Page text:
Next gen designers: Tess Tavener Hanks

Images via Tess Tavener Hanks

Cream of the crop.

The Virgin Australia Melbourne Fashion Festival is upon us, and once again the country’s best graduate designers are ready to put on a great show.

The National Graduate Showcase brings together the shining stars from Australia’s top tertiary institutions. Supported by Target and presented by Fashion Journal, you can catch the runway March 9 at the Royal Exhibition Building. Tickets are available here.

Ahead of the show, we thought you might like a closer look at 2018’s up-and-comers.

Meet Tess Tavener Hanks from the University of Technology Sydney.

You previously interned at Cirque Du Soleil HQ in Montreal, what was that like? 

I was incredibly lucky to be given the opportunity to intern with Cirque du Soleil in 2016. During my time spent with the creative team I experimented with and tested new materials and textiles for their upcoming shows. I met some inspiring, talented people, and was given such a unique insight that I highly valued as a design student.

Can you briefly describe your graduate collection? 

The collection, FLUIDITY A/W 2018, was conceptually driven by the intention to alter how we see synthetic materials in contemporary culture. An exploration of unconventional and ‘valueless’ materials has been used to bring a new perspective to what we use.

With a palette of acidic mint greens, vibrant electric blues and soft greys, the entire collection is made from silicone-coated wool. Draped, moulded and formed over the body, the collection aims to distort and challenge our perception of material value.

What inspired your collection?

The collection was generated in response to an increasing level of frustration of society’s ignorance and lack of awareness of our material surroundings.

During the development of the collection, I was inspired by minimalist sculpture, which highly influenced the conflicting materials and the form and structure of the pieces within the collection.

What materials did you work with?

The collection was sponsored by the Australian Wool Education Trust and made entirely from wool. Everything from the over-the-knee boots to the coats in the 13-piece collection were fabricated from wool. I used a combination of hand-dyed, bonded merino jersey knits and woven wool fabrics. The textiles in the collection ranged from different versions of silicone-coated wool, varying from moulded silicone stripes to transparent, silicone coated digital prints.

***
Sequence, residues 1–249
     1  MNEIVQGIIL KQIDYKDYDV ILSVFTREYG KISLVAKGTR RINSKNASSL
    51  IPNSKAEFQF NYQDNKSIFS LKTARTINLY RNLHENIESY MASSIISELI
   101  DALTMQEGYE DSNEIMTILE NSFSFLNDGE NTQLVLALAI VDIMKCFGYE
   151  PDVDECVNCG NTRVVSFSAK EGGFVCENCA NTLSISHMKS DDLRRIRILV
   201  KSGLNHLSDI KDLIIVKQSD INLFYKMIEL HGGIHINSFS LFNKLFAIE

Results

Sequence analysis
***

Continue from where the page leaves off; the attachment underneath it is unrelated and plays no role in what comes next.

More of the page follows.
Have you used any sustainable methods?

Throughout the development of my collection, I was actively conscious and aware of the environmental impact of the decisions I was making. My garments are generated from a minimal waste process of pattern cutting, as the garments were not cut but instead draped and formed to fit the exact shape needed on the body.

What’s the hero piece?

I would say the silicone striped mint green tank and boots, as they embody the conceptual and creative intention. It was also the first piece that I developed within the collection and it distinctively impacted the direction and outcome of the pieces that followed.

What do you want to achieve with your collection? 

The intention of the collection was to blur and break down the visual stereotypes associated with the materials we use. I hope the collection stimulates an alternative way of thinking about the materials we use in our lives and promotes people to stop and think about how we engage with our material surroundings.

If you could design an outfit for anyone, who would it be?

Michèle Lamy – I would love to see how she would wear and embody one of my designs. Her unique mix of creativity, poise and fearlessness is something that I strongly admire.

Your sister is also part of the National Graduate Showcase, what’s that been like?

Throughout the entire process of creating our collections, from every fitting, production drama and all-nighter, we were a constant support for each other. So it is incredibly exciting to be able to showcase our final collections together in the same show. 

What’s next after VAMFF?

Later this year I will be moving to London to complete my Master’s degree.

Where do you see yourself in five years? 

In five years’ time, I hope to be actively creating and designing in an international design house.


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